How To Create A Simple C++ CLI .dll

What Is A .dll File?

DLL files are files that contain instructions, which can be called by other programs to run specific tasks. This way, several programs can share the abilities programmed into a single file, and even do so simultaneously. A .dll file can have many different purposes and today I will be showing you how to use C++ CLI to create a .dll with an easily customizable GUI.

Pre-Setup

In order to create a C++ CLI .dll file, you must open the Visual Studio installer and verify that the “C++/CLI Support” option is enabled as seen in the picture below.

This option is not enabled by default so if you already have Visual Studios installed, open the installer, enable “C++/CLI Support” and then press the modify button to update your Visual Studio features.

Creating The Project

In order to create the project so that it compiles as a .dll file make sure to select “CLR Empty Project” on the “New Project” page. The example shown below is done in Visual Studios 2017 Community Edition but it will be the same for the 2019 Community Edition as well.

From here you can name your project and then press the “OK” button to create the project.

Project Properties

Now that you have created the project, it is time to change the project’s properties so that it correctly compiles as our .dll file.

You can see in the picture above that the properties are set with the “Configuration Type” of “Application(.exe)” and the “Target Extension” is “.exe”. We also see that the “Character Set” is using “Unicode”. Let's change these settings so that the “Configuration Type” and “Target Extension” are both set to “.dll” and the “Character Set” is set to “Not Set” as seen below.

Remember to select the correct configuration at the top of the properties window accordingly.

Creating The GUI

This part is, in my opinion, the most fun to do because it is where you can let your creativity show. Any time you want to add a Textbox or Button to your GUI, you can simply drag and drop it onto the Windows Form and the code will be added for you automatically! To get started, create a new file, and select UI -> Windows Form as the file type.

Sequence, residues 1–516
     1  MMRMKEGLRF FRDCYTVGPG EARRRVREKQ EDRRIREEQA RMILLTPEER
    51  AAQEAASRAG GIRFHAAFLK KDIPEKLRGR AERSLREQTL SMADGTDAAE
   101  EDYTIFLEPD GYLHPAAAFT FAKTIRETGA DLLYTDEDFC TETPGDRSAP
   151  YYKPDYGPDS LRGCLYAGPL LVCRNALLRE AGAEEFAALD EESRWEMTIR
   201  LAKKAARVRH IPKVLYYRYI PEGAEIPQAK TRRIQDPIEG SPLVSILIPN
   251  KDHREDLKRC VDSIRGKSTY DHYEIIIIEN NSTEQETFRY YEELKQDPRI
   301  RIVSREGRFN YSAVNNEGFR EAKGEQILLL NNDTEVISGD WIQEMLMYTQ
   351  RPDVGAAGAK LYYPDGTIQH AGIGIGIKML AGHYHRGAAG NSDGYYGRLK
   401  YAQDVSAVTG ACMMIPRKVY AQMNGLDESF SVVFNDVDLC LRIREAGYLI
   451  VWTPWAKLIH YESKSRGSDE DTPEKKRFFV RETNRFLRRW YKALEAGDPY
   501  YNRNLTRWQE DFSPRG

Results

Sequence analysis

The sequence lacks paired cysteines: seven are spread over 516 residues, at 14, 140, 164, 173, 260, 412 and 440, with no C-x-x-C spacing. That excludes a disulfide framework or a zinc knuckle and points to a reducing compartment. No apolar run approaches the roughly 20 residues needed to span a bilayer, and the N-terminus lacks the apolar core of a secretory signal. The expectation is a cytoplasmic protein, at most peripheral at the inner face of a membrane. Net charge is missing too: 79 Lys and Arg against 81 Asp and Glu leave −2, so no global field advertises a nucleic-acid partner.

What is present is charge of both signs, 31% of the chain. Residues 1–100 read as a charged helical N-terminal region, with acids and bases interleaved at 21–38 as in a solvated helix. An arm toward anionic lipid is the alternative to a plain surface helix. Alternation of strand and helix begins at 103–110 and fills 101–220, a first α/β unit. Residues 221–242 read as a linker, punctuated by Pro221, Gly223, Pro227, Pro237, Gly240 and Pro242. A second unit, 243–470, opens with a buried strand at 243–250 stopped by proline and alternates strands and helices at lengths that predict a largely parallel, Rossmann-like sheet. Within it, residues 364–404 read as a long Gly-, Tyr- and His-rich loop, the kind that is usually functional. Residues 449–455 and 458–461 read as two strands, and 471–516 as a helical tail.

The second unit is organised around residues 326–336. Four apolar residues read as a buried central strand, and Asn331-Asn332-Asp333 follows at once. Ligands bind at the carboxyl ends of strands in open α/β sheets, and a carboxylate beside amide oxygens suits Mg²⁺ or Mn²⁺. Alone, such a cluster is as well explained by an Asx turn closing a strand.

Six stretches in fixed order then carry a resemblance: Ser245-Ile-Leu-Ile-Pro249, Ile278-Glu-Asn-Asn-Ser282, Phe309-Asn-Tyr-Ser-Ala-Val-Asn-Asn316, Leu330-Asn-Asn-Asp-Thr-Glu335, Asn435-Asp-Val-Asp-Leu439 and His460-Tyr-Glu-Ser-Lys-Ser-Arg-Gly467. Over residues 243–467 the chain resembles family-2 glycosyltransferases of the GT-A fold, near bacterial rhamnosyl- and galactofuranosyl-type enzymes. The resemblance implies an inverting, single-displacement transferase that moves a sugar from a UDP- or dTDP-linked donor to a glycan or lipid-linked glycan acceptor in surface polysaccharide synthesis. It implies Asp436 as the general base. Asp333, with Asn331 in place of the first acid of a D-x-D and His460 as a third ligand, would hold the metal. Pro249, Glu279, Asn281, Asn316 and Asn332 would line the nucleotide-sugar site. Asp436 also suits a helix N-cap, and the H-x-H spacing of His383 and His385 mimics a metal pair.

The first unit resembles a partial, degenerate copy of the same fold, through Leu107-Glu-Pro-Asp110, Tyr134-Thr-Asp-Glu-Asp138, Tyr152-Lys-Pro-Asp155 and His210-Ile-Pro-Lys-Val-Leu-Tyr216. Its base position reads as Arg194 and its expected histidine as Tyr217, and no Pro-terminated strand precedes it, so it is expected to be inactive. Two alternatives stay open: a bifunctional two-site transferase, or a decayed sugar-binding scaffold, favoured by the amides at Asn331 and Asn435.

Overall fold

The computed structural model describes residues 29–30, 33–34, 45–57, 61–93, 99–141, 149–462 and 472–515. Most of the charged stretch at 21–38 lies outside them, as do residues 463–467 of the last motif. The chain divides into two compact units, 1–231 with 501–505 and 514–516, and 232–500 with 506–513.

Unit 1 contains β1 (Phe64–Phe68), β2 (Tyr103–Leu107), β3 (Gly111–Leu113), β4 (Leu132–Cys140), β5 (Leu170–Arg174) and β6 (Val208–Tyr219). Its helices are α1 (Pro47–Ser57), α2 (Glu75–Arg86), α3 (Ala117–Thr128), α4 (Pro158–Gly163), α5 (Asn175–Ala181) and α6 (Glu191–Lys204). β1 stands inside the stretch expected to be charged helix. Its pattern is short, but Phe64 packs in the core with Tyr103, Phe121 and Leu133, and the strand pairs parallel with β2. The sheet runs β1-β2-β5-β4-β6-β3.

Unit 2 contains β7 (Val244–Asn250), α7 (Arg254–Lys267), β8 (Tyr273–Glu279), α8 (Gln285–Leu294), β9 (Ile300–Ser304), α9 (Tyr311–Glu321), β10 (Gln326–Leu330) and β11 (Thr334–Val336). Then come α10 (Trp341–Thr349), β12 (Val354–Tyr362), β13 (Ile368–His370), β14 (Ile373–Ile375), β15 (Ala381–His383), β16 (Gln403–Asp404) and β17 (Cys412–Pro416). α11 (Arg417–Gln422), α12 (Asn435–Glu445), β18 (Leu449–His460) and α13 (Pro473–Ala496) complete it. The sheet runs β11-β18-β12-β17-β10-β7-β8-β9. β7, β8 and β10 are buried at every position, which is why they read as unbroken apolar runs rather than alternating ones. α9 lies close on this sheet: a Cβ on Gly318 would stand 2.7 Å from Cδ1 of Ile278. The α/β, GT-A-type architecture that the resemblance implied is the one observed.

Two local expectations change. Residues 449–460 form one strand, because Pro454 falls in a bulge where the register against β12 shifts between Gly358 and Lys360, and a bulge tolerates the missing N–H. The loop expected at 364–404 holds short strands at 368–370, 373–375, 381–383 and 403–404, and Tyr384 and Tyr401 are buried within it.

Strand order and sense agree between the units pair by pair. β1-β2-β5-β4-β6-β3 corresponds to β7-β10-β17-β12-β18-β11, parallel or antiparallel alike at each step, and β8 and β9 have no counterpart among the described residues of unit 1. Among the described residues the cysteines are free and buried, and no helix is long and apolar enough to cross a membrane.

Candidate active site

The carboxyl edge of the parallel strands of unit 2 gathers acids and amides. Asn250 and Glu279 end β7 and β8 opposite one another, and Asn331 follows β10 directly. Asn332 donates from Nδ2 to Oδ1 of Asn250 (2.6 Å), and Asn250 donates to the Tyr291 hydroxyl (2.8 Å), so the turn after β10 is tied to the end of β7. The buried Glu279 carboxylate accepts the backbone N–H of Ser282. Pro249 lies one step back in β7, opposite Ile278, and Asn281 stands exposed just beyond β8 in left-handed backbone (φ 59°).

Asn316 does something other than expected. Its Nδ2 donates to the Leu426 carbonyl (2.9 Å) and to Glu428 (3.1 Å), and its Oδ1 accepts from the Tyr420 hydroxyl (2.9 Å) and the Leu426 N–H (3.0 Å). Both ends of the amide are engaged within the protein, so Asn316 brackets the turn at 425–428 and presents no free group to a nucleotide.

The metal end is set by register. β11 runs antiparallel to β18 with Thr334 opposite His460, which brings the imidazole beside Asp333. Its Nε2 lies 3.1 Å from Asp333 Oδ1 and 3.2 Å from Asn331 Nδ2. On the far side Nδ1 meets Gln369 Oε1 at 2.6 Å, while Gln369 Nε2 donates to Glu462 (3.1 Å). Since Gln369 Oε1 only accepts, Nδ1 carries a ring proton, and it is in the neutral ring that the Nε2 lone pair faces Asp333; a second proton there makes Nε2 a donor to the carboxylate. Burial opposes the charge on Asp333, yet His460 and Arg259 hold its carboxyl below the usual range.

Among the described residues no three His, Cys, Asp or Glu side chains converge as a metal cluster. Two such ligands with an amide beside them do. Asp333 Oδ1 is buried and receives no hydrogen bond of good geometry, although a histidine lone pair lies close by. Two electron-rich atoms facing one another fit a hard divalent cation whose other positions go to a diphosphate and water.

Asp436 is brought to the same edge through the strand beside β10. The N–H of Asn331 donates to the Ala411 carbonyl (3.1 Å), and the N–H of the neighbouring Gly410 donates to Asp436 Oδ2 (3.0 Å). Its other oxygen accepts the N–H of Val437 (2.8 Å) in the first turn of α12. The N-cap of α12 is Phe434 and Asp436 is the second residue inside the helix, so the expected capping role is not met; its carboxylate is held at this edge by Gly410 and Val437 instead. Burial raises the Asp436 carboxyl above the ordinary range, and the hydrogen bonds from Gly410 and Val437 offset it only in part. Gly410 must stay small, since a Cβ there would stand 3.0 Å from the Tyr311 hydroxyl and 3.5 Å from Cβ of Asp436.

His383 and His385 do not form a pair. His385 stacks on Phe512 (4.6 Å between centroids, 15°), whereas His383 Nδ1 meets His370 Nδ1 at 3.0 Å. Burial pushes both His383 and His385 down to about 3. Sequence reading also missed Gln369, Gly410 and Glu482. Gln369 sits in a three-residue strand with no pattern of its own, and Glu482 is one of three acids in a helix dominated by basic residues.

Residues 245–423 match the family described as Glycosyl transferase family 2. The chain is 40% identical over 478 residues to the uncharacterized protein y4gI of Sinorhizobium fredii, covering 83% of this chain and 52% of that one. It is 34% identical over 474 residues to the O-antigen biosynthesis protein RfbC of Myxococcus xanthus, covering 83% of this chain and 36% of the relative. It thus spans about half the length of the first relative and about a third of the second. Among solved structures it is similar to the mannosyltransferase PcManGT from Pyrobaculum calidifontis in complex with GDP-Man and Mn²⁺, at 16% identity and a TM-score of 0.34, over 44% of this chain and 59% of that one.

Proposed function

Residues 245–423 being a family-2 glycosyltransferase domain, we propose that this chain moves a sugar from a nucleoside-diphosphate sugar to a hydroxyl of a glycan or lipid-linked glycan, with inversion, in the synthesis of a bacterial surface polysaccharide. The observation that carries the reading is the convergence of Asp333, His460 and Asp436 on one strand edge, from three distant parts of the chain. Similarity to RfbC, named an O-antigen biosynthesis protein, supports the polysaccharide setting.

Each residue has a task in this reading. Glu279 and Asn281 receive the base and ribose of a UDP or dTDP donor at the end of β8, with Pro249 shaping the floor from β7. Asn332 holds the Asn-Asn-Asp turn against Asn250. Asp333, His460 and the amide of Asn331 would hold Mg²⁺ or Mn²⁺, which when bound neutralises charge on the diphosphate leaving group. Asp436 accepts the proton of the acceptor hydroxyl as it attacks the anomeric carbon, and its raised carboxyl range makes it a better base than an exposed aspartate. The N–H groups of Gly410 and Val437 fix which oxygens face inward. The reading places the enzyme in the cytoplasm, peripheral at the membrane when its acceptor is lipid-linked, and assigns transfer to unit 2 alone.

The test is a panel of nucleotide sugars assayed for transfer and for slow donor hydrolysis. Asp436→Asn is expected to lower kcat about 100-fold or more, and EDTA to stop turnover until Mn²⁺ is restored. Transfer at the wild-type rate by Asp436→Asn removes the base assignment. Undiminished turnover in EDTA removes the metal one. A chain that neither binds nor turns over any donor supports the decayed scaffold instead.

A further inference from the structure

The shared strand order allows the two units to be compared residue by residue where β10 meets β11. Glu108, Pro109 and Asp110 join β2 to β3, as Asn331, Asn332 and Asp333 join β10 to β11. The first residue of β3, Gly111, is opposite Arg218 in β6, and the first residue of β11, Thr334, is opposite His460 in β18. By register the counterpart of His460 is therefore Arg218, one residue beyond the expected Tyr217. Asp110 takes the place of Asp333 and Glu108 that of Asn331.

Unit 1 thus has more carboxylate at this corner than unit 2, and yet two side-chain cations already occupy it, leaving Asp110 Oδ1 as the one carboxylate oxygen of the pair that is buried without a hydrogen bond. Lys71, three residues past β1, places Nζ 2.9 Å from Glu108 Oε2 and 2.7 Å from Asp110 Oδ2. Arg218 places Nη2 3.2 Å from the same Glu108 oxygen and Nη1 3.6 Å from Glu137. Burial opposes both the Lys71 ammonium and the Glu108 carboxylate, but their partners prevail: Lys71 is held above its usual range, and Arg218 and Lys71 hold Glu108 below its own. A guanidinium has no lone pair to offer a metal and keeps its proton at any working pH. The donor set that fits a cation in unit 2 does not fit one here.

After you click the “Add” button you may see a screen like the one below

On the right, we can see that Visual Studios create both a “MyForm.h” as well as a “MyForm.cpp” file. On the left, we see an error message, but don’t worry because we can easily resolve that issue by reloading / reopening our project.

Now that we have reopened our project we can see a small Windows Form GUI as well as the properties of the GUI on the right side, such as the window’s main text, the icon, and the default font. Once we see this we can add elements to the window like a button.

Simply search for “button” in the Visual Studio Toolbox and then drag and drop it onto your GUI.

After playing around with the GUI you will notice how fun and easy it is to make a good-looking GUI without the hard coding work.

In this example you can see that I changed the window’s name to “Medium Example” and I hid the icon as well as changed the button’s text to “Show Message Box”.

Creating The “Entry Point”

The “entry point” is where the first instructions of a program are executed, and where the program has access to command-line arguments. Since our file type is not an executable we have to manually define our program's “entry point”. To do this, create a new file with the file type set to “.cpp”. In most examples, you will see the file be named something like “dll.cpp” or “dllmain.cpp”

Inside of our “dllmain.cpp” file, we will add some basic DLL entry code. Unfortunately, I won’t be explaining it here but you can check https://docs.microsoft.com/en-us/windows/win32/dlls/using-dynamic-link-libraries out for more information as well as the different ways of linking a dll.

After we have added our entry point code in the “dllmain.cpp” file we need to make sure the Form will appear/show whenever the .dll file is injected into an application. Inside of the “MyForm.cpp” file that was automatically created for us earlier, we can add the following code so that the Form will appear when injected.

Now if you try to compile the .dll file you will see that it compiles without any errors.

Now that the file was created, let’s try to inject it into another application like “notepad.exe”

We will inject the .dll file into an application using a program known as a “.dll injector”. Injectors can be found online, free to download, with a variety of features.

As we can see the file injects and our GUI appears. We were able to create a .dll that uses Windows Forms as the GUI in less than 50 lines of code.

Adding Functionality

The final step of this journey is adding the functionality of the program. Although I may have changed the button’s text to say “Show Message Box” when we click on the button, nothing will happen. To resolve this we need to go back to our code and add that functionality. To code what happens when the button is pressed, simply double click the button on the main Form and it will take you to the button's “on-press” code.

From here we can add the code into the button, re-compile the file, and re-inject to test if our code worked!

After clicking the button we see that the message box does appear.

Congratulations! You just created a simple .dll file in which you can easily style using the Visual Studios Toolbox without having to take time and code the visuals manually. You can check out some helpful resources below to learn more about how powerful this can be.

New coder on the block.

Get the Medium app

A button that says 'Download on the App Store', and if clicked it will lead you to the iOS App store
A button that says 'Get it on, Google Play', and if clicked it will lead you to the Google Play store